Kinship Circle reached out to me to ask if I would spotlight their organization in the hopes that it would bring in more donations to help them rescue and offer assistance to as many animals in Japan as possible. I agreed to spotlight their work in Japan if I could find out as much information about what they are doing in Japan and how they spend the donations that are sent to them. I feel it is important for my readers to have the facts and not just rely on blind faith that all money donated is being spent on the animals themselves.
About Kinship Circle’s Work in Japan:
Kinship Circle was the first U.S. animal organization in Japan for ongoing search-rescue-aid. We are an American 501c3 nonprofit that negotiated with Japan Earthquake Animal Rescue and Support (JEARS) coalition groups prior to deployment. In all international deployments, Kinship Circle aligns itself with local rescue organizations that are working in the field. Shortly after the earthquake/tsunami on 3/11/11, it became evident that JEARS shared similar goals for animal victims in this disaster. Kinship Circle animal disaster responders are skilled and credentialed in a range of disaster-related areas.
TLC: What is the money that is donated to Kinship Circle being used for? Are they flying volunteers over to Japan for free and finding them a place to stay while there?
Kinship Circle: Kinship Circle funds travel costs for our volunteers to work in Japan. This includes airfare at an average $1200 per volunteer through May. Our volunteer network recognizes that Kinship Circle is an organization with very limited means, that rarely collects $50,000 in donations in an entire year. Kinship Circle plans to book a block of hotel rooms in Fukushima City. Though we’ve found the cheapest hotel possible ($50 U.S. dollars per night), this new operations base costs Kinship Circle a minimum $15,500.
We have paid for, and continue to pay for, such protective gear as: Geiger counters, Tyvek suits, eyewear, facial masks… Geiger counters (to measure external radiation) are used to scan rescued animals as well as humans. Kinship Circle also pays for additional equipment such as a Japan rental phone (to communicate within country), GPS unit with Japan chip, and any other electronic gear that facilitates animal aid.
Kinship Circle has brought rescues to Animal Friends Niigata no-kill shelter since this deployment began. However that shelter is at capacity, with some expansion anticipated through use of pre-fab structures. While we’ll continue to bring AFN direct-request animals — those whose guardians called AFN with a request to pickup their animal from an evacuated home — we are also in negotiations with another Japan group government-authorized to rescue animals in the exclusion zone. This group is based at a tent encampment in Fukushima. However, this group needs expanded sheltering capacity too or it will not be able to accept more animals.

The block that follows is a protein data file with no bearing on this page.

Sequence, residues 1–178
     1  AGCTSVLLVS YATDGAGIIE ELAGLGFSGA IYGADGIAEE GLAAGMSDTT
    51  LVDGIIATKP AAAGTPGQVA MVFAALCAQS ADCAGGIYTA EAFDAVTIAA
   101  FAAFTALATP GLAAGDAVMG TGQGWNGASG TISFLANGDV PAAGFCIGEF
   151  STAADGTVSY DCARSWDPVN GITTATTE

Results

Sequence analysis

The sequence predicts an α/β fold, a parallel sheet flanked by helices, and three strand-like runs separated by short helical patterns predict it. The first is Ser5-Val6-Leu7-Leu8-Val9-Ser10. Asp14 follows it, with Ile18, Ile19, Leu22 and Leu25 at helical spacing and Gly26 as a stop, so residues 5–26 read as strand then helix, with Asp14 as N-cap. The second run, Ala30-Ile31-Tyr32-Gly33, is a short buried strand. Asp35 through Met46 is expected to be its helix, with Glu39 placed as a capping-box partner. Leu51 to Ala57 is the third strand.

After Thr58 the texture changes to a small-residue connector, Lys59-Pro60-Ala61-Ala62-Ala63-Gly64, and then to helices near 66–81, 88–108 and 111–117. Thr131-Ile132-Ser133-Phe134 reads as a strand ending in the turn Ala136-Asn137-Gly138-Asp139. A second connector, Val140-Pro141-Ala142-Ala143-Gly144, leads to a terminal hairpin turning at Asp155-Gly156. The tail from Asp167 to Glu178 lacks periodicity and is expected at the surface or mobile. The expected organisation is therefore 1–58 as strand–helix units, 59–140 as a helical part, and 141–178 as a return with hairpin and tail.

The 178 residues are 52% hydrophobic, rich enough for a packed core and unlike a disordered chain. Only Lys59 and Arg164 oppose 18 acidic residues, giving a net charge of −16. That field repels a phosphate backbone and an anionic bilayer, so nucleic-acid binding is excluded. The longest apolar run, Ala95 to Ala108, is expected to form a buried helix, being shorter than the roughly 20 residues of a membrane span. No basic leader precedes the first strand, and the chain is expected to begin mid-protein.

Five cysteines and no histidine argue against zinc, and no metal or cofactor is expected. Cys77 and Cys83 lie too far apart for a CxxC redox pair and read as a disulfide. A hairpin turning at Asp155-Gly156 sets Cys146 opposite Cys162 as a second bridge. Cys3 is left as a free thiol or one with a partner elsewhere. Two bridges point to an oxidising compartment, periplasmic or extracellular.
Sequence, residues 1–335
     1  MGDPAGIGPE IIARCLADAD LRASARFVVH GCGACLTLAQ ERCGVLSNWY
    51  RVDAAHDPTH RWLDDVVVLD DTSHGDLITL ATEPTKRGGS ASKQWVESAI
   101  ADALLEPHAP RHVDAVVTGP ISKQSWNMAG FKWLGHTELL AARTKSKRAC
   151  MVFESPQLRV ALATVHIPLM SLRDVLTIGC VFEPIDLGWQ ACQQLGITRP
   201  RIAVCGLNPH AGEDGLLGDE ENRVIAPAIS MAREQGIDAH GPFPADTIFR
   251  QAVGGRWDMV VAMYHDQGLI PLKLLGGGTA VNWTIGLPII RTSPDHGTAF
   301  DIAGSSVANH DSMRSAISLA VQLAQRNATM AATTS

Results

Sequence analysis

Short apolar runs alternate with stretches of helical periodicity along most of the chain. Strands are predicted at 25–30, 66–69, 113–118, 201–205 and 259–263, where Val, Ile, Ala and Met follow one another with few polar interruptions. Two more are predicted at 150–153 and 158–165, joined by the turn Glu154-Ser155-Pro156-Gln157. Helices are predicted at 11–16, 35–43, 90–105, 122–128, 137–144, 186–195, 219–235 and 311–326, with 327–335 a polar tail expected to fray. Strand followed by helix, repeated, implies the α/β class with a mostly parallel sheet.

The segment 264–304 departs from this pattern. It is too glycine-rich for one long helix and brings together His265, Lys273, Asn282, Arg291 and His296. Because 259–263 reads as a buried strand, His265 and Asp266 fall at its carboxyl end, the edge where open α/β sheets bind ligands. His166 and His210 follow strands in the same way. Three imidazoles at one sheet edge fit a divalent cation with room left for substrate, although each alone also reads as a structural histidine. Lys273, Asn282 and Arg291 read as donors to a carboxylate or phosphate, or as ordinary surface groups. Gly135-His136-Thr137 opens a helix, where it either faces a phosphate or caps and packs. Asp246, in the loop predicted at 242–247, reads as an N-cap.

TLC: What are your short and long term goals for helping out in Japan? Is Kinship Circle trying to build more shelters for the animals with the money being collected or is the whole mission to just get the animals out of the devastated areas?
Kinship Circle Rescued animals include direct-request pickups. Some have been without care for an extended time. Others animals are wandering in earthquake/tsunami wrecked areas outside the exclusion zone. Evacuation center rescues include those tied, in cars or kennels, living outside a human shelter, as well as requests from evacuees to pickup their animals left behind. Exclusion Zone Rescues direct-request rescues, along with sick, injured, and/or wandering animals. Delivery of animal food/medication/supplies to no-pet evacuation centers and temporary sheltering of partially caregiven animals. In addition to supply drop-offs, we often bring animals tied out front, in cars, or shabby kennels, back to Animal Friends Niigata for temporary housing until their guardians can retrieve them.
Exclusion Zone: This is the most complex area as there are hundreds of animals left in these communities. Some are left with notes about their guardians coming back to feed, walk them. We must function in accordance with Japanese law, or our volunteers will be arrested. However, Kinship Circle volunteers are instructed to un-tether or open stall/enclosure doors for any domesticated animals confined within the nuclear exclusion zone.
They money spent on non- animal related things like housing while their teams are in Japan could be considered helping their economy but at the same time it is taking away from those they are trying to help. Which is why many organizations will not fly anyone to Japan or accept help from people outside of the country because they want to be able to spend the money they do bring in on the people and animals in need. Those organizations who do allow outside help ask that the volunteers pay for their transportation and housing as paying for these things wastes resources.Every organization is allowed to do what they think is necessary it is just important that those who donate to them understand how the money is being spent.
I also want to point out that they have taken it upon themselves to untether animals and let them out of enclosed spaces even if they have information on them that they are being cared for. I am not sure I see how letting animals roam free so that when their owners come to care for them they are missing or injured because someone didn’t like that they are not allowed to roam free. The area these animals are in are still disaster zones and nothing has been done in the Exclusion Zone area to clean anything or repair anything which means there are a lot of dangers to animals roaming free. Many of us confine our animals when we are away for a few hours or at work to keep them safe and out of trouble how much more so would we rely on these things in a disaster to ensure our pets are safe?